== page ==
The emergence of the latest video of an American hostage in hostile hands in the Middle East -- this time in the chaotic state of Yemen -- illustrates the frustrating reality that overwhelmingly superior military force cannot be relied upon to extract U.S. citizens in peril.
What in recent months has become a sickeningly familiar scenario in the region also points to the broader difficulties underpinning Western attempts to stabilize impoverished but strategic Yemen, positioned alongside key oil-shipping routes.
Over the last two months, Shiite Muslim Houthi rebels have seized control of the capital, Sana, and grabbed chunks of territory elsewhere in the country, even as one of the world's most dangerous Al Qaeda affiliates continues to pose a serious threat.
It is that group, Al Qaeda in the Arabian Peninsula or AQAP, that claims to be holding Luke Somers. The 33-year-old photojournalist went missing in Sana in September last year. In the video obtained this week by the SITE intelligence group, a local Al Qaeda commander threatened to kill Somers within three days of the video's release if unspecified Al Qaeda demands were not met.
Though Somers was not paraded under the knife in the manner of the grim series of recorded executions of Westerners held captive in Syria by the Sunni Muslim militants of the Islamic State, the video made it clear that he was well aware of the danger in which he found himself.
Wearing glasses and speaking calmly, Somers, who said he is British-born but holds American citizenship and spent much of his life in the United States, appealed for any measures possible to win his release.
"Basically, I'm looking for any help that can get me out of this situation," he said. "I'm certain that my life is in danger. So as I sit here now, I ask, if anything can be done, please let it be done."
Ironically, it may have been an attempt to free him that heightened his peril. A joint U.S.-Yemeni raid on Nov. 25 in a remote area of the country, which freed eight captives -- a Saudi, an Ethiopian and six Yemenis -- had been launched in hopes of also rescuing Somers and other Westerners known to be held, U.S. officials confirmed Thursday.
"This operation was conducted in partnership with the armed forces of Yemen and involved air and ground components," Pentagon spokesman Rear Adm. John Kirby said. "Some hostages were rescued, but others -- including Somers -- were not present at the targeted location."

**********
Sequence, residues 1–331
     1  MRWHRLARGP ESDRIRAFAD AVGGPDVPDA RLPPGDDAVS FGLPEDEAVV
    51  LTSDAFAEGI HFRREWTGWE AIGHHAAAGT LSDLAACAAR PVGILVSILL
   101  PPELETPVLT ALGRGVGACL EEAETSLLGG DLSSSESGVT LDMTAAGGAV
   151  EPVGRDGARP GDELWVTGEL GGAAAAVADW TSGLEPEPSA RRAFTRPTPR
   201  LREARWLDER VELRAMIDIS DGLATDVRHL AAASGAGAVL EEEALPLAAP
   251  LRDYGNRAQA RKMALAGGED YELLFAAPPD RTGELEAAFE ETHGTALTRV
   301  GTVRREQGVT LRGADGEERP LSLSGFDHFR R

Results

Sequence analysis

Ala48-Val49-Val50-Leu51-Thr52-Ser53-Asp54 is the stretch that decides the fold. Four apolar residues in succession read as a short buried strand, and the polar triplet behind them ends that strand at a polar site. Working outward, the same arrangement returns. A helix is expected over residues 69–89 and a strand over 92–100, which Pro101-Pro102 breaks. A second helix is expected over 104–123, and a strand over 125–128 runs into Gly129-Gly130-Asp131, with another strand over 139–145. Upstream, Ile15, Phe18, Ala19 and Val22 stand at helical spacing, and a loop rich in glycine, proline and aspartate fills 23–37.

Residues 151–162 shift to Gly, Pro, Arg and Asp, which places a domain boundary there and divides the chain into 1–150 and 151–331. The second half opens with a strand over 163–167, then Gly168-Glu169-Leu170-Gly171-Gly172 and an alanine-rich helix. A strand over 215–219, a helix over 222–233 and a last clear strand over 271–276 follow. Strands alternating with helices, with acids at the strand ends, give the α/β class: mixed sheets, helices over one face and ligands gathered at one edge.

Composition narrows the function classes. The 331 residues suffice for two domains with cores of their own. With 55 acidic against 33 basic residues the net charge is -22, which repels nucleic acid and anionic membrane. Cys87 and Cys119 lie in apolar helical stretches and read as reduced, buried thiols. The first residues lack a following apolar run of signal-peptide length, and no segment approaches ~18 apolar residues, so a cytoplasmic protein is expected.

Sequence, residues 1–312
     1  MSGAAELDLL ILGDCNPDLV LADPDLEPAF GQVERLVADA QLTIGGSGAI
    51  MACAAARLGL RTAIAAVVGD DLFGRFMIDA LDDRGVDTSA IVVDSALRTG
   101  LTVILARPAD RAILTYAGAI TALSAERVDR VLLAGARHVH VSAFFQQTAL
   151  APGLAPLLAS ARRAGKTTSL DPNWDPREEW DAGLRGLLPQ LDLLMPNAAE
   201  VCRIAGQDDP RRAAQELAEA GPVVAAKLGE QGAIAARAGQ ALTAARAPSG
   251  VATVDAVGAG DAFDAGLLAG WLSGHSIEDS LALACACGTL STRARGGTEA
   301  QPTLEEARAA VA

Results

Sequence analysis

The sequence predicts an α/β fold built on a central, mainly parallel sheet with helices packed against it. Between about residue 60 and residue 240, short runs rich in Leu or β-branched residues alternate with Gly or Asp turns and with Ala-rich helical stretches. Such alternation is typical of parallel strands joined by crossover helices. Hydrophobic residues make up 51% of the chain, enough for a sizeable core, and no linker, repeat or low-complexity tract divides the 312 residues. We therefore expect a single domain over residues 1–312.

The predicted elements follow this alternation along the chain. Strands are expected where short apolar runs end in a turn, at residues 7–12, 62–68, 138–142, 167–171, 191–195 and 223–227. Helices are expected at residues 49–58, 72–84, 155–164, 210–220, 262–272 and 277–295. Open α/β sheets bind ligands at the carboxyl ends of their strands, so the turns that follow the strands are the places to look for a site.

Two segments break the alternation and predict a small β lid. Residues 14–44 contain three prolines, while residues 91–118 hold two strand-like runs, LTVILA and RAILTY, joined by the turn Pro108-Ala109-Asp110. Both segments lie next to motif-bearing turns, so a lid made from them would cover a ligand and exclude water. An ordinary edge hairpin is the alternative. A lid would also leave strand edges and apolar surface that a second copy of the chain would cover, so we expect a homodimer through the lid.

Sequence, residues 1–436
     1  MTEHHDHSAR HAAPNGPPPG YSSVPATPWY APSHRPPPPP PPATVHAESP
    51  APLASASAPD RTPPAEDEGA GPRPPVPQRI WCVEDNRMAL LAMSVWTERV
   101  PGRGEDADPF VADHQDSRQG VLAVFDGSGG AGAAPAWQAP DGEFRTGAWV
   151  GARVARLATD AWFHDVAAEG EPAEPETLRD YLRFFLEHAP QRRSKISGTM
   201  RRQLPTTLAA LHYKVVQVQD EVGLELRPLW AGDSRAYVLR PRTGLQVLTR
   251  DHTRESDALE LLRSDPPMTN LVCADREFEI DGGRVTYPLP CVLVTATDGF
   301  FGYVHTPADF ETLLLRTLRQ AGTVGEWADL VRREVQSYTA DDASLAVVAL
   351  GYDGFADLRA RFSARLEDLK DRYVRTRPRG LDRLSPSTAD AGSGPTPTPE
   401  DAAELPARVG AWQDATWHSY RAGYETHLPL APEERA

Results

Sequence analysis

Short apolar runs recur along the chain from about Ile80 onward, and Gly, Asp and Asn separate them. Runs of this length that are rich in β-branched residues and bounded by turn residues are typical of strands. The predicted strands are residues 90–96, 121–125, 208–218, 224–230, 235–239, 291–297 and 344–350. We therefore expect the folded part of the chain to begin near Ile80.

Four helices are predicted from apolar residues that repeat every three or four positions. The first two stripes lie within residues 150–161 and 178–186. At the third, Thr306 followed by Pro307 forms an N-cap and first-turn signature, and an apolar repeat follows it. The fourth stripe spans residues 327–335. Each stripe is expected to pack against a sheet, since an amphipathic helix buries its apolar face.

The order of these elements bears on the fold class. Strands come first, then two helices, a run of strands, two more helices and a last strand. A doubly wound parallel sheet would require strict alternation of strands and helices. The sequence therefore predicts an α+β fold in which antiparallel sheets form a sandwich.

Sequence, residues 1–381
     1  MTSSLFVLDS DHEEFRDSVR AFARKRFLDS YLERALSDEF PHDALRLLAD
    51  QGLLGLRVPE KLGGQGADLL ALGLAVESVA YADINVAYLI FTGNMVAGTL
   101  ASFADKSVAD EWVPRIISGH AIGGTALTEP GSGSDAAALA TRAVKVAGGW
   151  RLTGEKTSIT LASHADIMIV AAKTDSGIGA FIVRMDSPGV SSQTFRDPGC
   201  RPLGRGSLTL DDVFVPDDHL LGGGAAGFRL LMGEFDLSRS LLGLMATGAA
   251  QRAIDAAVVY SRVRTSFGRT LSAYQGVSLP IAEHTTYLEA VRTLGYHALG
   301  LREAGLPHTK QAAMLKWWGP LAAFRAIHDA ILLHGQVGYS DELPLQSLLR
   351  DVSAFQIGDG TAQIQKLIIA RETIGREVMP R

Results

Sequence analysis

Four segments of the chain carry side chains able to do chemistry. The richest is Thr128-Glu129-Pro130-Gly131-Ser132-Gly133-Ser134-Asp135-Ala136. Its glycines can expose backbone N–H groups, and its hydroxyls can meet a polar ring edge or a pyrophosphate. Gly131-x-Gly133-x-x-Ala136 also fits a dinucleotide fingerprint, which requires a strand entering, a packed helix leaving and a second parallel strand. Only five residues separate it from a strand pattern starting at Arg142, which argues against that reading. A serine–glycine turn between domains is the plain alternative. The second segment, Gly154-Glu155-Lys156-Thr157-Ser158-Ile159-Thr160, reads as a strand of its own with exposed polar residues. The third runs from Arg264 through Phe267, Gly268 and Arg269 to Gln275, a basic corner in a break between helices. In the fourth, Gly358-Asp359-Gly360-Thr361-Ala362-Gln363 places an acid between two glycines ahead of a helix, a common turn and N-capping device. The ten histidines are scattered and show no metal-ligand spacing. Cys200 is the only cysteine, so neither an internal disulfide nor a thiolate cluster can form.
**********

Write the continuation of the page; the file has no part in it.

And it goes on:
Details about the mission remain classified, he said. By some accounts, Somers and others were moved days before the strike.
Bernadette Meehan, a spokeswoman with the National Security Council, said in a statement that President Obama authorized the operation last month. "At this difficult time, our thoughts remain with the Somers family, and with the families and loved ones of every other U.S. citizen being held hostage overseas," she said.
Somers' family in turn released a video statement pleading for his safe return.
"Luke is only a photojournalist and he is not responsible for any action the U.S. government has taken," his brother Jordan said. "Please understand that we had no prior knowledge of the rescue attempt for Luke and we mean no harm to anyone." he added.
The video released by the Al Qaeda group warned against any further rescue bids.
"There is no aggression but against the aggressors," Nasser bin Ali Ansi, a local leader of the Al Qaeda affiliate in Yemen, said in the video, according to the SITE translation. Warning against "any other foolish action" on the part of U.S. forces, Ansi vowed that Somers would meet "his inevitable fate" unless previous demands by the organization -- with which he claimed the Obama administration was familiar -- were met.
As Yemen has slid deeper into turmoil, its Al Qaeda affiliate has been under increasing pressure not only from U.S.-led drone strikes but from the Houthi rebels loyal to Shiite Iran, lending fuel to sectarian fires raging across the region. In Yemen, as elsewhere, the American administration has sought to prop up a fragile central government and lend support to a national army under central command, but to little apparent avail.
Iran denies providing formal assistance to the Houthis, but the Shiite group's rise to prominence in Yemen has raised alarm in neighboring Saudi Arabia, the region's main Sunni power and Iran's bitter rival. Iran and Saudi Arabia are already locked in proxy conflicts in Libya and Syria, and Yemen could be emerging as a new front in that battle.
AQAP has staged a number of attacks against Houthi and Shiite targets, including the bombing of a Houthi checkpoint in October that killed nearly 50 people.
An bomb attack this week bore the hallmarks of the group, although there was no claim of responsibility. The blast Wednesday outside the Iranian ambassador's residence in Sana killed at least three people, including the bomber.
At a time of growing turmoil in the Yemeni capital, that bombing demonstrated attackers' ability to strike at will in one of Sana's most closely guarded districts.
Tensions are growing daily. On Wednesday, four security officials died in separate assassinations in different parts of the city. The crime rate is rising. This week, Houthis overran the home of a former prime minister.
For years now, abductions have been a lucrative franchise for Al Qaeda, and some past captives in Yemen -- seized either by militants or tribesmen or an amalgam of the two -- have been freed with the payment of ransoms. The United States and Britain have taken a public stance against any such payoffs.
Staff writer W.J. Hennigan in Washington and special correspondents Zaid Ali in Sana and Nabih Bulos in Beirut contributed to this report.